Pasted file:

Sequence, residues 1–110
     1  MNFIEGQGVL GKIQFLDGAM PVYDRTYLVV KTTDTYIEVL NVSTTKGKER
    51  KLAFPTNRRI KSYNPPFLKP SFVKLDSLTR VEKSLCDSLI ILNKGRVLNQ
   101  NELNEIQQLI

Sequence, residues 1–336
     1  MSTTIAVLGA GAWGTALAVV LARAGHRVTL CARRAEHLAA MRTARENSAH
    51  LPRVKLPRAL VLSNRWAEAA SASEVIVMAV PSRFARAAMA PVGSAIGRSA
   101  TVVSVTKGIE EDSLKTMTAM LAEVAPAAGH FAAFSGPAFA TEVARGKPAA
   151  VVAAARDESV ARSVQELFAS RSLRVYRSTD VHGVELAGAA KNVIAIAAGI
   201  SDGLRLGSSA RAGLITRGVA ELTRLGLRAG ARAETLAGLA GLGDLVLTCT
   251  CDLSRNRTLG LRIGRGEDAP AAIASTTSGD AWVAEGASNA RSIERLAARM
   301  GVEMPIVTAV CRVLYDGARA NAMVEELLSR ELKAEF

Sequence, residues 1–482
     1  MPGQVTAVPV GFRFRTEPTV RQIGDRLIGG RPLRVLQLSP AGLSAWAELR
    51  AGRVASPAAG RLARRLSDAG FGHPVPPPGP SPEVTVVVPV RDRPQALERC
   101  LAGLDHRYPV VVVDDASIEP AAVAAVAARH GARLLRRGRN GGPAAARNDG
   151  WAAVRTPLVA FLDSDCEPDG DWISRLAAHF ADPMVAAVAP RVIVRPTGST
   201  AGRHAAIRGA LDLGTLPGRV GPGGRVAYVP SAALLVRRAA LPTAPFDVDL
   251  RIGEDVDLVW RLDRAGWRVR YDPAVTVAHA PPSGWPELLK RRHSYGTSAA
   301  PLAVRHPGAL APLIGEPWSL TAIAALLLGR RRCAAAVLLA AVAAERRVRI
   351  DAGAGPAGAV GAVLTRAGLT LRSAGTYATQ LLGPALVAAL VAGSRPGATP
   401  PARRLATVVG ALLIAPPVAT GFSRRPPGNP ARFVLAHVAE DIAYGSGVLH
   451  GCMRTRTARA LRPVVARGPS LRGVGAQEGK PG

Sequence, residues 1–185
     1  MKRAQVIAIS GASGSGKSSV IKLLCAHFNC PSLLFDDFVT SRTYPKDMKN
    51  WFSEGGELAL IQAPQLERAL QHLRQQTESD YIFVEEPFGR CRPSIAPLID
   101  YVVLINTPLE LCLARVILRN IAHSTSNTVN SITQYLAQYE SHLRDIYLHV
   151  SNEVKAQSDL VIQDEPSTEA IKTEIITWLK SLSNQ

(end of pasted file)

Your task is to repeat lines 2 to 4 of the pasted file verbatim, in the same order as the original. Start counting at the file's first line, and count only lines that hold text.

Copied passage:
     1  MNFIEGQGVL GKIQFLDGAM PVYDRTYLVV KTTDTYIEVL NVSTTKGKER
    51  KLAFPTNRRI KSYNPPFLKP SFVKLDSLTR VEKSLCDSLI ILNKGRVLNQ
   101  NELNEIQQLI